Why is Vietnam so attractive to South Korean visitors?
Updated at Monday, 04 Feb 2019, 13:02
The Hanoitimes - Many South Korean travelers described an impressive experience in Vietnam, for them: “home away from home!”
The number of South Korean visitors to Vietnam in 2018 hit 3.48 million, a surge of 44.3% from a year earlier, continuing the upward trend over the past years.
Hanoi and Ho Chi Minh City are abuzz with Korean culture while beachside destinations like Danang, Hoi An, Nha Trang, and Phu Quoc are tailored for Korean tastes, according to both domestic and foreign media.
South Korean visitors in Vietnam
Reasons attributed to the surge in South Korean visitors are as follows.
Firstly, geographical proximity. It takes average five hours to get to Vietnam from South Korea. The short distance is a favorable condition for young people who can save time to enjoy their vacation in the country of both modern and traditional values, of four seasons, and of both mountains and beaches.
From Vietnam, the visitors can easily move to other Southeast Asian countries.
Secondly, visa waiver. Since July 1, 2004, the Vietnamese government allowed South Korean passport holders to enter the country without visa. Since then, the visitors from the East Asian country to Vietnam rocketed 20-fold from 233,000 in 2004 to nearly 3.5 million in 2018.
Thirdly, developed tourist services. Travelling firms are mushrooming in both Vietnam and South Korea, offering well-organized, comfortable, reliable, and reasonable outbound tours that make customers, including the busiest, satisfied with all-in-one service packages.
Following the development of travelling firms, flights from Vietnam to South Korea have been increased, accounting for a remarkable 44.5% of the country’s outbound traffic in 2018.
Both Vietnamese and South Korean airlines have offered daily flights between the two countries’ regions, mostly to Vietnamese coastal city of Danang, namely Seoul-Danang, Incheon-Danang, Busan-Danang, Daegu-Danang. So far, nearly 10 airlines have joined the routes, including Korean Air, Asiana Airlines, Vietnam Airlines, Vietjet Air, Jeju Air, Jin Air, T’way, and Eastar Jet, offering nearly 80 flights per week.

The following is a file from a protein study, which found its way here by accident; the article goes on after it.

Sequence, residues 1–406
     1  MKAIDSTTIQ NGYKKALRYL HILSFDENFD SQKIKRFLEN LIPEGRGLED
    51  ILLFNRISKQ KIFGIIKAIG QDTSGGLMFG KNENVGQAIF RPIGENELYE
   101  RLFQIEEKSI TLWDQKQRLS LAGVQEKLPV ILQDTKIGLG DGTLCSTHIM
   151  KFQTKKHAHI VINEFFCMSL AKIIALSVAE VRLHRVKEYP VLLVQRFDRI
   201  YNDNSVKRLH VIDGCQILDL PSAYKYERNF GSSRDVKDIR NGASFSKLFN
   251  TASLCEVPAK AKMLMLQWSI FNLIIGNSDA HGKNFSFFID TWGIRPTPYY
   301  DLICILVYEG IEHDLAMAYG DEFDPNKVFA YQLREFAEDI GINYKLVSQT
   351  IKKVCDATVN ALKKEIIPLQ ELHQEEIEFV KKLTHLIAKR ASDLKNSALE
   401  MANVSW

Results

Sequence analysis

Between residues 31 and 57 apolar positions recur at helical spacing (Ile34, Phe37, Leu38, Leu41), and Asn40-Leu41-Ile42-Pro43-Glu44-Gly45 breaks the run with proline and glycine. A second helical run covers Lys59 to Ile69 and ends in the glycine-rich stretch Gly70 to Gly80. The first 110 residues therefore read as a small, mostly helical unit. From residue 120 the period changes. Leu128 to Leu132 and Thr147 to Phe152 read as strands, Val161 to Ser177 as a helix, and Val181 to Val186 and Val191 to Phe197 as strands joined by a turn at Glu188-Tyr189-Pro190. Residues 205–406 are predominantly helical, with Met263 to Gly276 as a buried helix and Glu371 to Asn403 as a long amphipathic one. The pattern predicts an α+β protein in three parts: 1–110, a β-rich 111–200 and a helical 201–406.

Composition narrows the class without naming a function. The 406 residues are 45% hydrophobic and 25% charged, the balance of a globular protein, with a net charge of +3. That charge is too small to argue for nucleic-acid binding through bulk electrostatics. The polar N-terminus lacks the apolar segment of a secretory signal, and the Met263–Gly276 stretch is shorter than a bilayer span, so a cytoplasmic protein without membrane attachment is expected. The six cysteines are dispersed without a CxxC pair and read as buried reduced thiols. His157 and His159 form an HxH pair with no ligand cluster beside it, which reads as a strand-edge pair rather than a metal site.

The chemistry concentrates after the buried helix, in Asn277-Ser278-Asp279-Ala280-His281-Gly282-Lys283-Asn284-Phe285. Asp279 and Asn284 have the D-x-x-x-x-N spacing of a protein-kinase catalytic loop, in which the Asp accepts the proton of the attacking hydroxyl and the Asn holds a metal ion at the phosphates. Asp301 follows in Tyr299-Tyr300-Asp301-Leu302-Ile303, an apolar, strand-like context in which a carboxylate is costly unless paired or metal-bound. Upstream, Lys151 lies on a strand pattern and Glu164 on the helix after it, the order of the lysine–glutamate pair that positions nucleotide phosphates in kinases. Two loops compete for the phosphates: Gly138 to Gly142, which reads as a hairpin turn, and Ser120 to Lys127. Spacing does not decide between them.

As a result, Danang, known for its resorts and pristine beaches, became the top foreign destination for South Koreans last summer, according to Korean e-commerce website Ticket Monster.
Hoi An, a resort town neighboring Danang (just 30km from this city), is also a favorite destination of South Korean arrivals. In 2018, nearly 300,000 South Koreans visited Hoi An, surging 70% on year. They now outnumber the 200,000 mainland Chinese visitors arriving at the town annually, according to South China Morning Post.
Vietjet prides itself of having served more than 2 million Koreans, many of whom were travelling overseas for the first time. In December, the budget carrier announced a new route linking Seoul and Phu Quoc, the biggest island in Vietnam that has appeared as another destination attracting South Koreans.
Fourthly, cultural similarities. Both Vietnam and South Korea are located in East Asia and have a quite similar culture with rice being the main dish, the use of chopsticks, and cuisine in general, some similarities could be found in characteristics, communications, and historical backgrounds (both experienced devastating wars).
K-mart chains offer truly Korean food. Photo: Foody.vn
South Korean culture has begun to exert a broad influence on Vietnam’s urban environment.